There are also a lot of important issues that we have only touched on in this thread that I think we should return to. Here is a partial list.
1. Sol maintains that there is a crucial difference between and that drives an enormous difference in the status of first order sentences. Whereas Peter for sure, and probably Pen, Hugh, Geoffrey strongly deny this. I think that Sol’s position is stronger on this, but I am interested in playing both sides of the fence on this. In particular, one enormous difference between the two structures that is mathematically striking is that the first is finitely generated (even 1-generated), whereas the second is not even countably generated. Of course, one can argue both for and against that this indisputable fact does or does not inform us about the status of first order sentences. Peter has written on the thread that he has refuted Sol’s arguments in this connection, and Sol denies that Peter has refuted Sol’s arguments in this connection. Needs to be carefully and interactively discussed, even though there has been published stuff on this.
2. The idea of “good set theory” has been crucial to the entire thread here. Obviously, there is the question of what is good set theory. But even more basic is this: I don’t actually hear or see much done at all in higher set theory other than studies of models of higher set theory. By higher set theory I mean more or less set theory except for DST = descriptive set theory. See, DST operates just like any normal mathematical area. DST does not study models of DST, or models of any set theory. DST basically works with Borel and sometimes analytic sets and functions, and applies these notions to shed light on a variety of situations in more or less core mathematics. E.g., ergodic theory, group actions, and the like. Higher set theory operates quite differently. It’s almost entirely wrapped up in metamathematical considerations. Now maybe there is a point of view that says I am wrong and if you look at it right, higher set theorists are simply pursuing a normal mathematical agenda – the study of sets. I don’t see this, unless the normal mathematical area is supposed to be “the study of models of higher set theory”. Perhaps people might want to interpret working out what can be proved from forcing axioms? Well, I’m not sure this is similar to the situation in a normal area of mathematics like DST. So my point is: judging new axioms for set theory on the basis of “good set theory” or “bad set theory” doesn’t quite match the situation on the ground, as I see it.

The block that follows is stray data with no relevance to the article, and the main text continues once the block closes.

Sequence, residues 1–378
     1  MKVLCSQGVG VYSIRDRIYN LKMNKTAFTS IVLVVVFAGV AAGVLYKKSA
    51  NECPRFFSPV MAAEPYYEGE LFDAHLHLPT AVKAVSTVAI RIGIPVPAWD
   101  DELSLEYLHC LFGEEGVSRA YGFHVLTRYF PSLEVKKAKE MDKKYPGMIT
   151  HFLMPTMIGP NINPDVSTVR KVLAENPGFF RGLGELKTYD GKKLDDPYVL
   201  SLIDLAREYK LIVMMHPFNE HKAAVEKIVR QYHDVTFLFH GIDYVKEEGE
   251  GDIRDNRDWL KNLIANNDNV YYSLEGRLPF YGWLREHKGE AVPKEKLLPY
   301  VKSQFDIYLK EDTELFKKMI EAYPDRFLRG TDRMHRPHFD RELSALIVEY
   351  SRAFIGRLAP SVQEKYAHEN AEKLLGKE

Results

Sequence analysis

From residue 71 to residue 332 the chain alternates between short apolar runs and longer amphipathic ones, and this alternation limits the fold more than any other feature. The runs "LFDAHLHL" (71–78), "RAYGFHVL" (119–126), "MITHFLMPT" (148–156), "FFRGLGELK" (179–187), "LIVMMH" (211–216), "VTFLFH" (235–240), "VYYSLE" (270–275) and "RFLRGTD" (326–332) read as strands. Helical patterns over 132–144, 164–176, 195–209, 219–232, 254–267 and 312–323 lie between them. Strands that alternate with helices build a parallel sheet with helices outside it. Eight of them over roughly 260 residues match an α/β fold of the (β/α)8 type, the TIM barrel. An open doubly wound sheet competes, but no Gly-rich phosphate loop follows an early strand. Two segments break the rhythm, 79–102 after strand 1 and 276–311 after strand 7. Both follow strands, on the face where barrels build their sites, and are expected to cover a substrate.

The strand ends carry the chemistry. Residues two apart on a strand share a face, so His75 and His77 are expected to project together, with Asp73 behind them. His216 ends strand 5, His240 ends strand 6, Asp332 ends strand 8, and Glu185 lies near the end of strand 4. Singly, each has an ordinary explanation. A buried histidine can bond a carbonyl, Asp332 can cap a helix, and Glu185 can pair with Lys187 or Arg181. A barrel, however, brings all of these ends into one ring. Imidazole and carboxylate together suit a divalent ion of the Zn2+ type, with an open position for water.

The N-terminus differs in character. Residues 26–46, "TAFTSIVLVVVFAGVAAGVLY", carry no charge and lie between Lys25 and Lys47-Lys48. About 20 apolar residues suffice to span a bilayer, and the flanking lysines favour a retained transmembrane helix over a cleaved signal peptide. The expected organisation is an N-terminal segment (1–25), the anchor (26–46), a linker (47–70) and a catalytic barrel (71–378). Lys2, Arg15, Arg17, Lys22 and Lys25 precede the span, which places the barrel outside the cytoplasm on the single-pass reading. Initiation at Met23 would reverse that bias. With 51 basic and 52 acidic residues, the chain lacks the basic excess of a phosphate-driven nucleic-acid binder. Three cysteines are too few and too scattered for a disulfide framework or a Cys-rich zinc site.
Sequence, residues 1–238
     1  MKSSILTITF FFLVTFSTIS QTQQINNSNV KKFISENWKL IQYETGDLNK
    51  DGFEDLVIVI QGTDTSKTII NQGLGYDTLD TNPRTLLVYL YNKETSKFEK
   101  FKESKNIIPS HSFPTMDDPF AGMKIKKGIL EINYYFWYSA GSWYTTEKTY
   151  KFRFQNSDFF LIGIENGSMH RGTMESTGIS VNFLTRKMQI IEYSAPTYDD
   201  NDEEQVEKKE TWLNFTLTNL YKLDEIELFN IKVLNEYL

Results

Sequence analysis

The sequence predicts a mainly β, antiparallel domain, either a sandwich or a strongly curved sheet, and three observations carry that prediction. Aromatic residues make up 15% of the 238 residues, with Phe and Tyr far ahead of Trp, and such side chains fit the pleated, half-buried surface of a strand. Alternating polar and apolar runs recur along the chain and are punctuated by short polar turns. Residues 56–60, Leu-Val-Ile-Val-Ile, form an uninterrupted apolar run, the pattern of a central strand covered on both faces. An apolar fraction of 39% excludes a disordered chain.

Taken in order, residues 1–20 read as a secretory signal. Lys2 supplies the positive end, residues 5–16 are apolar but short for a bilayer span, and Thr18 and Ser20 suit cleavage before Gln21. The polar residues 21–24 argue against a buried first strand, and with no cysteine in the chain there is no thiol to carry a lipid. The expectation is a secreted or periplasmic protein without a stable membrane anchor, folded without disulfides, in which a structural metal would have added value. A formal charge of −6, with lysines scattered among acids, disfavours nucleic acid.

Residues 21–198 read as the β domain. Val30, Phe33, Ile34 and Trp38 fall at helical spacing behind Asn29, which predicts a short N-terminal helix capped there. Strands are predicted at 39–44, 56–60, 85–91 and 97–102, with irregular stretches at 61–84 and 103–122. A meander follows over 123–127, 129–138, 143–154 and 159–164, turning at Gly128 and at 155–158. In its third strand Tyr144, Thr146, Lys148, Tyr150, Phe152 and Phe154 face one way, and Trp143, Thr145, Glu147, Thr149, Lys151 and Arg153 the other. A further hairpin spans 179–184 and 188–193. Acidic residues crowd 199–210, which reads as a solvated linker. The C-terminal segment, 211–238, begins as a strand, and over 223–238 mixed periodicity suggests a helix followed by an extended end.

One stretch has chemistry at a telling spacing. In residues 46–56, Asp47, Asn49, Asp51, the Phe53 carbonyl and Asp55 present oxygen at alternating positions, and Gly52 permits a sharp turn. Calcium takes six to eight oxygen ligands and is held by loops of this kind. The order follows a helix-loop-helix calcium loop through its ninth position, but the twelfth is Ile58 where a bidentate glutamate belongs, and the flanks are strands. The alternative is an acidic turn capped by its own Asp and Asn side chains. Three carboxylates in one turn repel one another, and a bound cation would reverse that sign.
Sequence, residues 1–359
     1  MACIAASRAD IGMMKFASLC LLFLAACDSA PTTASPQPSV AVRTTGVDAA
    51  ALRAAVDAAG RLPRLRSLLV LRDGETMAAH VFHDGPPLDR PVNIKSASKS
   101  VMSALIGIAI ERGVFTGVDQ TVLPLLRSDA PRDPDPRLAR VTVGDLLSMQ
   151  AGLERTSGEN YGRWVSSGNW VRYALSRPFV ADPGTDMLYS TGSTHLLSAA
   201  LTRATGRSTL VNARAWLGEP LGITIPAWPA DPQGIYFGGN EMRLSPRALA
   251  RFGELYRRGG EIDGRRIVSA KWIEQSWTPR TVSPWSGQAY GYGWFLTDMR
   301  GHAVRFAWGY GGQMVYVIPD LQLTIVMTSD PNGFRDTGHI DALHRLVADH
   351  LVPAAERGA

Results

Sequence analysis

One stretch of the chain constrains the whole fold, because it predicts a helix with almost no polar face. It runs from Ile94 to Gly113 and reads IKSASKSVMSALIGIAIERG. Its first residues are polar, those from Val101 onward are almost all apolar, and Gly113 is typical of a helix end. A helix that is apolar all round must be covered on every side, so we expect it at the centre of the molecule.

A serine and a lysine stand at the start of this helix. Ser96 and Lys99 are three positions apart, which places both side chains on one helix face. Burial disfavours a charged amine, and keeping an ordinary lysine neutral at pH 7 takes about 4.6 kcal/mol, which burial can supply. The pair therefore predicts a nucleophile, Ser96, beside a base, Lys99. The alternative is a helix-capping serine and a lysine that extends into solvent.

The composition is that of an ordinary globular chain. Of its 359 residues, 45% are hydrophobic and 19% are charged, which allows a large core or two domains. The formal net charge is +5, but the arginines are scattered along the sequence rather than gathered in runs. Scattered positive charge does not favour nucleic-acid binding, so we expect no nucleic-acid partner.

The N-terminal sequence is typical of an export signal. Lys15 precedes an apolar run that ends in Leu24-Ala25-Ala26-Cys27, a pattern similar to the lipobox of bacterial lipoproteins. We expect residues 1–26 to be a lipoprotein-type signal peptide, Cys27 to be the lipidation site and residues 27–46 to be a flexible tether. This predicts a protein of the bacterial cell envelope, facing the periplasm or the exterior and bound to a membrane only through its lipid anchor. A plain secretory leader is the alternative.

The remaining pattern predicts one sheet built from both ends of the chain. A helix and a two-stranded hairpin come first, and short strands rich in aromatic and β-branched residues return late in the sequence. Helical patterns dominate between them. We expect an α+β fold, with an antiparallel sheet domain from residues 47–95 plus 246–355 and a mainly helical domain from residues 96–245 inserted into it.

3. In fact, the whole enterprise of higher set theory has so many features that are so radically different from the rest of mathematics, that the whole enterprise, to my mind, should come into serious question. Now I want to warn you that I am both a) incredibly enthusiastic about the future of higher set theory, and b) incredibly dismissive about any future of higher set theory whatsoever — all at the same time. This is because a) is based on certain special aspects of higher set theory, whereas b) is based on the remaining aspects of higher set theory. So when you see me talking from both sides of my mouth, you won’t be shocked.